Researchers Complete Trial Run for 3D Printed Medication–Including Dinosaur Shapes for Finicky Kids


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ucl_logo_2For all the multi-taskers out there who cut strategic corners to stay organized, for those who are glad to never leave the home or the computer, and for all the exhausted parents out there who have sick kids and haven’t brushed their hair or gotten out of pajamas or sweat pants in days, 3D printing is about to change the way you deal with many processes.

Let’s start though with the idea of no more long trips fighting traffic just to wait in an excruciatingly long line at pharmacies (and getting more germs while hanging with the flu-ridden population of the city) to pick up medication, whether for an acute situation or chronic.

It may seem a far-fetched concept today, but the fairly realistic promise and potential for tomorrow is that if you have a 3D printer on the desktop, that may be where you are picking up your prescriptions before too long. No muss and no fuss, except for equipment and printing. And given that you would be allowed your choice of materials, this could come in very handy when dealing with those aforementioned kids who barely want to eat a meal–much less drink medication or down a pill.

While the technology most likely will be available and tested in hospitals and medical offices first, researchers at University College London (UCL) are currently developing specialized tablets that look like they have the potential for not only great medical use, but commercial as well, offering users the ability to 3D print attractive shapes and flavors for kids.

pills-bottles-628x363Displaying the typical benefits of 3D printing, this process would also allow for quality and efficiency in production, customization, and great affordability as the user or patient could print just one pill at a time if that was all that they needed at the time. This would improve how many patients purchase, receive, and deal with some pills that require splitting in two or cutting into fourths as they are produced in bulk and customization is not available to the individual dose.

“3D printing is so cheap that potentially you could put a 3D printer into a hospital pharmacy and the doctor could print just a week’s worth of tablets with the right dose for a particular patient,” said Dr. Simon Gaisford, head of pharmaceutics at UCL.

The process would allow for a very positive and substantial impact on hospital economics, as eliminating bulk ordering would also eliminate a great deal of waste that goes on currently.

While many patients and individuals are used to receiving a bottle of pills when sick or in pain, often it’s not the most efficient and economical way of dispensing medication–most especially in the cases of transplant patients who are given extremely customized–and constantly adapted–doses of immunosuppressants.

This is an especially sensitive situation with children, and again, they often benefit from 3D printing, as we see often with prosthetics for kids, because digital design allows for constant customization and editing, and 3D printing is fast and affordable.Dr Simon Gaisford, Head of Department (Pharmaceutics , University College London School of Pharmacy. Brunswick Square, London.  5.11.2014   has developed 3d printable Tablets that can be sent to patients and printed off on 3d                       probiotic printable paper and taken. They can also be printed in the shape of any animal to encourage kids to take.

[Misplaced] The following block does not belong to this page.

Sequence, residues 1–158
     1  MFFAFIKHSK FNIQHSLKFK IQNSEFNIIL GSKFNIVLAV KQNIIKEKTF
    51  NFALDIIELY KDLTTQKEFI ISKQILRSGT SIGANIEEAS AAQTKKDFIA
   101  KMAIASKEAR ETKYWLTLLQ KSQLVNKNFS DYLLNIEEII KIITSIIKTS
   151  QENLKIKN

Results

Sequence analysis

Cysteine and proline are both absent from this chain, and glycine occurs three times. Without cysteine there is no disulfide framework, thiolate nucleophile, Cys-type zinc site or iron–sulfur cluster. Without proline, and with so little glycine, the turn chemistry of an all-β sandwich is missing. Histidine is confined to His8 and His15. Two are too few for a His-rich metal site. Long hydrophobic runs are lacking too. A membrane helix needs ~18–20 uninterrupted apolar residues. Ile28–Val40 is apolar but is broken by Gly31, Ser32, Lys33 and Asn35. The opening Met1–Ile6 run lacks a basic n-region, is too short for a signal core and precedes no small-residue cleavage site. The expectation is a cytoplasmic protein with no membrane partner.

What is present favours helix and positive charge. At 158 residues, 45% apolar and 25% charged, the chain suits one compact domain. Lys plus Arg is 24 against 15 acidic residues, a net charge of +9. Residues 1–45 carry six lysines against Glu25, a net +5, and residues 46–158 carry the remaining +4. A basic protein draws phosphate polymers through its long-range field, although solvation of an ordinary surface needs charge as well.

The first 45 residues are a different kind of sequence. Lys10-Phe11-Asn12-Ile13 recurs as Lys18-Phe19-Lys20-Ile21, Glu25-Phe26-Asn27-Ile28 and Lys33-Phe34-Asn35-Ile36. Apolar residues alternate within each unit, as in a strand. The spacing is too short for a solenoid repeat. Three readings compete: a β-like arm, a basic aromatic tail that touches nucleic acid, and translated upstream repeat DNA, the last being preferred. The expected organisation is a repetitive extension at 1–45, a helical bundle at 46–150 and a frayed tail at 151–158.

“Because a child is always growing, following transplantation the dose they need is constantly changing, literally week to week,” says Dr. Gaisford. “And that’s where the new technology’s ‘Mary Poppins’ factor could come into play.”

“Children don’t like taking medicine,” says Dr. Gaisford. ‘Now, in principle, we could ask a child, ‘What’s your favourite animal?’ And print the tablet in any shape and colour they like.”

The researchers were able to construct pills in different shapes and sizes, using the same type of plastic casing that is used in many other typical gel pacs these days, most commonly for detergents. Before being put into their casing, the soluble 3D printing material was allowed to soak up a fluorescent orange fluid in lieu of real medication for testing and monitoring purposes. This system would feasibly work very well for medications that arrive in liquid form, allowing for a reservoir of liquid medicine to be kept at the personal 3D printer, at the ready to be printed into the capsules, or ‘lengths,’ as the researchers refer to them.

“There’s an interesting discussion to be had about what this means for the future of medicines,” said Dr. Gaisford. “Could we have a printer in someone’s house, so a doctor could email them the prescription and they could print out the medicine themselves?”

With a successful trial behind them so far, just reported in the International Journal of Pharmaceutics, Dr. Gaisford projects this technology only being about five to ten years out from becoming a reality in the medical world. In the meantime, he and his team coordinated to form a company called FabRx, meant specifically to invest in the obvious value of their new way of making 3D printed drugs. We heard about FabRx and their 3D printing drug initiative last month, and the addition of children-specific shapes certainly broadens their appeal and potential market.

Discuss what you think the implications are in the future for the use of 3D printed drugs in hospitals and also at the home desktop in the Customizable 3D Printed Drugs forum thread over at


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